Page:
THE 23rd Asean Transport Ministers Meeting (ATM) kicked off in Singapore on Thursday morning, with leaders pledging further efforts to integrate the region’s air, ship and land borders.
On Friday, the ministers will sign several agreements to further liberalise air services. They will also ink a pact to facilitate entry and transit to other member states by thousands of buses, such as tour buses. The Asean Framework Agreement on the Facilitation of Cross-Border Transport of Passengers by Road Vehicles (CBTP) will simplify the requirements for cross-border bus transport services within Asean.
Speaking at the opening, Deputy Prime Minister Teo Chee Hean said: “To further enable Asean’s growth, we need to work towards our vision of an extensive, efficient and well-integrated Asean. This will open up new opportunities, improve market access by our companies, and enable freer flow of people, trade and commerce within and beyond Asean.”
Market voices on:
To press on with efforts to integrate the Asean transport sector within the region, connectivity needs to be enhanced and there has to be more seamless cross-border movements of passengers and goods, Mr Teo said.
The ten Asean members states are also taking further steps towards creating the Asean Single Aviation Market (ASAM) and Asean Single Shipping Market (ASSM).
Last year, members states already completed the ratification process for the Asean open skies agreement; in addition, plans are in the works to establish new shipping routes and enhance the land transport network with initiatives such as the Singapore-Kunming Rail Link as well as high-speed rail projects in Singapore, Thailand, Malaysia and Indonesia.
Mr Teo went on to say: “With growing air traffic, an integrated air traffic management plan will help achieve the Seamless Asean Sky vision to deliver harmonised and safe air traffic management operations across the region. This will greatly increase air traffic management efficiency and capacity in Asean, and allow Asean to meet the strong demand for air travel in the region.”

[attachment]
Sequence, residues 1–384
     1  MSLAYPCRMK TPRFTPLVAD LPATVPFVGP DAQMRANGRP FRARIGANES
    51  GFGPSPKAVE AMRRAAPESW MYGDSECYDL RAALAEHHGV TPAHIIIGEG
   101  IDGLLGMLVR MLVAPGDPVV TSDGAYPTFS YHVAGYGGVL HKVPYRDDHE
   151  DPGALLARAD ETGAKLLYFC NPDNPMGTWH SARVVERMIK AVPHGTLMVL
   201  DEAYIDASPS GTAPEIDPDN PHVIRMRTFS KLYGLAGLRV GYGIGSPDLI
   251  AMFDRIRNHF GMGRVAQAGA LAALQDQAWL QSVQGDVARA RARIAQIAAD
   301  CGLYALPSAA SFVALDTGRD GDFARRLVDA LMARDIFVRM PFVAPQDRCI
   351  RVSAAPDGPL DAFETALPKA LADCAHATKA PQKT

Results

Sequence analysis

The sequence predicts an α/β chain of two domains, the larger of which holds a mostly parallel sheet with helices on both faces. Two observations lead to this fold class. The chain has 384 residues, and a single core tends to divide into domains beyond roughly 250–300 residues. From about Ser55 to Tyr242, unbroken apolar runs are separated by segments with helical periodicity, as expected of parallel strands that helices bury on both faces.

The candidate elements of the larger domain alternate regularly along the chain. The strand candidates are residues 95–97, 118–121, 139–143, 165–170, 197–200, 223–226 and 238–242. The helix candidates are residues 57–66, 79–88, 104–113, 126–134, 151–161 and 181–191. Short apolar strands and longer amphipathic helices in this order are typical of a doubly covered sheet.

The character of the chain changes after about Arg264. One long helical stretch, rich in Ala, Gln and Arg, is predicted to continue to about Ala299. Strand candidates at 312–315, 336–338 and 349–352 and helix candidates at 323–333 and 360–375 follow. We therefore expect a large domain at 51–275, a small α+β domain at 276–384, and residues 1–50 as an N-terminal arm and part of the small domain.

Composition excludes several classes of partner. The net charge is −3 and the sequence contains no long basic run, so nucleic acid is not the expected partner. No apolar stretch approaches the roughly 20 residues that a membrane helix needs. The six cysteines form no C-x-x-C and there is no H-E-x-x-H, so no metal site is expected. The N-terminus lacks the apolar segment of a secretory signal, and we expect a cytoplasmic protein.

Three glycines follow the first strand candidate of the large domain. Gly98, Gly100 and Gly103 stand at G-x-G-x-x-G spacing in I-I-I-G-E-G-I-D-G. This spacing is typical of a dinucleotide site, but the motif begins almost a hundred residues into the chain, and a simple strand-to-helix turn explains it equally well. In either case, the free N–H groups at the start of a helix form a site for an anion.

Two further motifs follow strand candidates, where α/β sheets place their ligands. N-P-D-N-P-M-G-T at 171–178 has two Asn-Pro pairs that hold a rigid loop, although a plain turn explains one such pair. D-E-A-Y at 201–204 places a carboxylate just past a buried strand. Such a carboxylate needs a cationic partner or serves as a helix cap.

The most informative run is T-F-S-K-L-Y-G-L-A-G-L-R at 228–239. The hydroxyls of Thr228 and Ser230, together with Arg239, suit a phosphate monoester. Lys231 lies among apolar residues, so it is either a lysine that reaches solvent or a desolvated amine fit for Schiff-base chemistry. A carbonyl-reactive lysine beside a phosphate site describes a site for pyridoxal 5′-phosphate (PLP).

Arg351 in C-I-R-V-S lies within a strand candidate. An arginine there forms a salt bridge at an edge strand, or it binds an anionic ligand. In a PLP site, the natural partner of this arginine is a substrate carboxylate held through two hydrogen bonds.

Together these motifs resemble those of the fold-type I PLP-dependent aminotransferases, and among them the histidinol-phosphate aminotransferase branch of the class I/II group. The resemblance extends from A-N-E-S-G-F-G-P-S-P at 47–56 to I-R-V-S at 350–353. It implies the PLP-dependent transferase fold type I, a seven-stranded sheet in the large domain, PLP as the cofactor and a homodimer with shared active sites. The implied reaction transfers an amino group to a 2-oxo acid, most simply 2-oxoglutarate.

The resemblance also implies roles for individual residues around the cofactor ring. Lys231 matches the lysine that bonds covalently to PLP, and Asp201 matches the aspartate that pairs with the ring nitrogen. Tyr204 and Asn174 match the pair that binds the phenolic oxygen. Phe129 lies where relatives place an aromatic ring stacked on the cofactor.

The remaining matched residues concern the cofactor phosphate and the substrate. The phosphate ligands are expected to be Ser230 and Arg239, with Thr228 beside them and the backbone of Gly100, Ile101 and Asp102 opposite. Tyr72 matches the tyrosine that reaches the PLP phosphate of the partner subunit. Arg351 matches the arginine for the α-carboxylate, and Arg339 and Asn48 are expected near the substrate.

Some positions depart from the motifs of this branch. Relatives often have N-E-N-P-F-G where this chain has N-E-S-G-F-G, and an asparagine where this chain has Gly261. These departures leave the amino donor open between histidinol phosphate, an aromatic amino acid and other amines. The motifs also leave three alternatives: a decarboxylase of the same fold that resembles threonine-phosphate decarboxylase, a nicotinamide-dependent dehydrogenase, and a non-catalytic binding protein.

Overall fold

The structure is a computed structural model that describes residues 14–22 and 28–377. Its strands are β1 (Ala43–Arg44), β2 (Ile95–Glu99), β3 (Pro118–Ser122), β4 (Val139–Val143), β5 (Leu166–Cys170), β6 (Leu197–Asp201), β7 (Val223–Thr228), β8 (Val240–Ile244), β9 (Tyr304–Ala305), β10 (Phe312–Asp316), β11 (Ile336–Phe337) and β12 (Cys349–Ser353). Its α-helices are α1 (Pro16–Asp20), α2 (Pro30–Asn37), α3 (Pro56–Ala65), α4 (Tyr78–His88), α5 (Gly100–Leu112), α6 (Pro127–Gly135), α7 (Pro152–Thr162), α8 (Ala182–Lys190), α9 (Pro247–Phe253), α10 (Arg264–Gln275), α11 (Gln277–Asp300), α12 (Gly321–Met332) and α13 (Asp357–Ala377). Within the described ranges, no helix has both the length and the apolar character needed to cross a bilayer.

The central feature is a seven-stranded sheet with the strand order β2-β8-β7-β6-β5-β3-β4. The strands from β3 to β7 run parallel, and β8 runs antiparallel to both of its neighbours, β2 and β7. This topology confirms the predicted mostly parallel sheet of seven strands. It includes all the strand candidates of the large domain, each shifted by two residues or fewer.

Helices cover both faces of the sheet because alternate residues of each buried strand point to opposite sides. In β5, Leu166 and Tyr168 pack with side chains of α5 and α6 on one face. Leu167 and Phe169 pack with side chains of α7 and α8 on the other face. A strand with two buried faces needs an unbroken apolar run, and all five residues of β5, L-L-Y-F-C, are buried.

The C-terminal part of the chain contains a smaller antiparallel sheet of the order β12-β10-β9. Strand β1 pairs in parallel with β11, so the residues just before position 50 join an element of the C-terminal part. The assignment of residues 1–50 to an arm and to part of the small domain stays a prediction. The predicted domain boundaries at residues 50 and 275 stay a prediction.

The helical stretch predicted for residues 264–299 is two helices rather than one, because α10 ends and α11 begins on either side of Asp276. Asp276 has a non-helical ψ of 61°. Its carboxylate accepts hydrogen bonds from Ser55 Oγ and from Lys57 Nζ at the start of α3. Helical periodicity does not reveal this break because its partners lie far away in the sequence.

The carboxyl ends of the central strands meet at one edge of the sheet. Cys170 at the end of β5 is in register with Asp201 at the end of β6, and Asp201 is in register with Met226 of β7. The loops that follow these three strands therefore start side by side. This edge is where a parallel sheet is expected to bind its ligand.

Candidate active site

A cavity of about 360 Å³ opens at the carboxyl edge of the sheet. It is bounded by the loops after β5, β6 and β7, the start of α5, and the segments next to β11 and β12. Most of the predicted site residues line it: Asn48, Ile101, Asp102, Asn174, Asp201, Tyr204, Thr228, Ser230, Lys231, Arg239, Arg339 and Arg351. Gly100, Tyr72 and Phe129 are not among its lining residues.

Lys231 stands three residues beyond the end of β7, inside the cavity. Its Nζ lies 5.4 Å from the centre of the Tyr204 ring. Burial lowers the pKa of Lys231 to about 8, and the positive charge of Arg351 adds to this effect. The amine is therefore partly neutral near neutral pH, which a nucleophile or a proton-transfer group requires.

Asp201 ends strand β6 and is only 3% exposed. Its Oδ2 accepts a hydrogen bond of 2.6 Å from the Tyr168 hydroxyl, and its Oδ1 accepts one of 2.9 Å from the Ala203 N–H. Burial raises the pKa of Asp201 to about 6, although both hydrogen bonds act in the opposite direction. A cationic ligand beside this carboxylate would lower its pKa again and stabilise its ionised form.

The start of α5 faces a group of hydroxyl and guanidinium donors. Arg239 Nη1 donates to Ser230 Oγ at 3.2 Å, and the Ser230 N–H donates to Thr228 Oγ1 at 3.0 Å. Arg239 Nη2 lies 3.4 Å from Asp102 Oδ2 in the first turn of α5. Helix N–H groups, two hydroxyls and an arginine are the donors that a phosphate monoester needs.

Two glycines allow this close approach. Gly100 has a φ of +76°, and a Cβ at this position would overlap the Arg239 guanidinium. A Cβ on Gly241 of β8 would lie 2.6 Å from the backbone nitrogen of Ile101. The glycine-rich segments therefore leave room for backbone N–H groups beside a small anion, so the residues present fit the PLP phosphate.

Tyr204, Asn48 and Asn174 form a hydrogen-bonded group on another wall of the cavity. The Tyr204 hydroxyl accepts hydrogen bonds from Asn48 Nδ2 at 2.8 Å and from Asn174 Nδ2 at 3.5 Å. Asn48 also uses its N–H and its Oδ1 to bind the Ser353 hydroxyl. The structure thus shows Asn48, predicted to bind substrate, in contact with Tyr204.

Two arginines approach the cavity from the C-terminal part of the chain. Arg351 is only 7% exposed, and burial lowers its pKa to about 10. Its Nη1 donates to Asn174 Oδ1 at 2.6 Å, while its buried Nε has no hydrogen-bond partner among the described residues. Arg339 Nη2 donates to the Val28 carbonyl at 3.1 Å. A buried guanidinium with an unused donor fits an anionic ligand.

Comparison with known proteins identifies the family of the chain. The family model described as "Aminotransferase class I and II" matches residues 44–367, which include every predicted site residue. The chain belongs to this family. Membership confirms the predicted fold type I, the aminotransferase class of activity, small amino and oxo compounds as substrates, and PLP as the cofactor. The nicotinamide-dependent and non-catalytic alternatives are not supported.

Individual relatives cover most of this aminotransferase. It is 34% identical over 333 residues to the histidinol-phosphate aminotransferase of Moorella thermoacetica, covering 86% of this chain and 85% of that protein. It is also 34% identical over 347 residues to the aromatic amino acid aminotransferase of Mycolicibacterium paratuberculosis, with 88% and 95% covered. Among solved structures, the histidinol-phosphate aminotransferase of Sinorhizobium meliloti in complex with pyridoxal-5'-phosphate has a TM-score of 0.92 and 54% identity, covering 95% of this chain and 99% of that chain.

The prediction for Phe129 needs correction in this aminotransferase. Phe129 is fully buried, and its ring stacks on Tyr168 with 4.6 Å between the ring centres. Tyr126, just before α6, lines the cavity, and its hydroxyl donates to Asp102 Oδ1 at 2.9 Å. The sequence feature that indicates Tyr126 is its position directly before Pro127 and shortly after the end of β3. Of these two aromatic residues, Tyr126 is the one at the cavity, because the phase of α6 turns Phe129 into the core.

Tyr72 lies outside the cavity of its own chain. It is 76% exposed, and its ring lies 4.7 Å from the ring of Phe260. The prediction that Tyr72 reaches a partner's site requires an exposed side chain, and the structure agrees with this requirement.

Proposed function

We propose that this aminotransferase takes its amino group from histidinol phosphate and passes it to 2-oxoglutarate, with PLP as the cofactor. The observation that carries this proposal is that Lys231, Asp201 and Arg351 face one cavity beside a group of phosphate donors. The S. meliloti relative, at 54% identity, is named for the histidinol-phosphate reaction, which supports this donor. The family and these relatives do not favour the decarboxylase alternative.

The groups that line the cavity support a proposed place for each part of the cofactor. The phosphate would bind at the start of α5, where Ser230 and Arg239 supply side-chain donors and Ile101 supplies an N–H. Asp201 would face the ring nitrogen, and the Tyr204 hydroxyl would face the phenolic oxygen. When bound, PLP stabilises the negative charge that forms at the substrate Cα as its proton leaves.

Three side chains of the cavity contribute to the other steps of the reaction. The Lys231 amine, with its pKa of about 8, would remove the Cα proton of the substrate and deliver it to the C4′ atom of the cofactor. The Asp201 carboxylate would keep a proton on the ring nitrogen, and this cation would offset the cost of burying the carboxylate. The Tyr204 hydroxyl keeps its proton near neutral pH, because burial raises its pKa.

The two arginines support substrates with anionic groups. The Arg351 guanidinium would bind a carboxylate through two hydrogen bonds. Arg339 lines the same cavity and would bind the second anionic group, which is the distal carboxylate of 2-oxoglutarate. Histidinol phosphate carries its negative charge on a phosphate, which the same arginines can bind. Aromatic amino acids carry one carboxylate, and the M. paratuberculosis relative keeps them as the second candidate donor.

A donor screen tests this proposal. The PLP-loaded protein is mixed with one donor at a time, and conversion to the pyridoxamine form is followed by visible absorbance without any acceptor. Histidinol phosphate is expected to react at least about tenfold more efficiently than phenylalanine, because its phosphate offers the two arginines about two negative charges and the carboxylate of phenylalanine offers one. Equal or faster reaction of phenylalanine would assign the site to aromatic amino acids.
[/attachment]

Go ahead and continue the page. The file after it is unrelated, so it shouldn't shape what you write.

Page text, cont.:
“Together with the ASSM and efforts to liberalise air traffic rights, these initiatives will help establish new air and sea links, and promote the free movement of goods, services and people among Asean countries.”
With a population of over 620 million, Asean has a combined GDP of more than US$ 2.5 trillion and is projected to be the fourth largest economy by 2050. Last year, the region received some 116 million international visitors, of which 43 per cent were from Asean countries.
Urging member nations to push ahead with operationalising three existing pacts on transport facilitation, Mr Teo also announced that Singapore is ready to ratify the first protocol of the Asean Framework Agreement on the Facilitation of Goods in Transit, which will contribute to seamless trade. The three agreements are the Asean Framework Agreement on the Facilitation of Goods in Transit, the Asean Framework Agreement on the Facilitation of Inter-State Transport and the Asean Framework Agreement on Multimodal Transport.
Even as the region works towards a more intra-connected Asean, Mr Teo stressed the need to strengthen transport links with key partners outside the region.
For instance, Asean is also in talks with the European Union on a Comprehensive Air Transport Agreement which will enable airlines from the two regions to have greater access to the burgeoning market for air travel between Asean and the EU.
The transport ministers’ meeting – which takes place against the backdrop of Asean’s 50th anniversary – involves about 200 delegates from the 10 Asean member states and three dialogue partners, China, Japan and South Korea. Singapore last hosted the meeting in 2007.
More Info: www.businesstimes.com.sg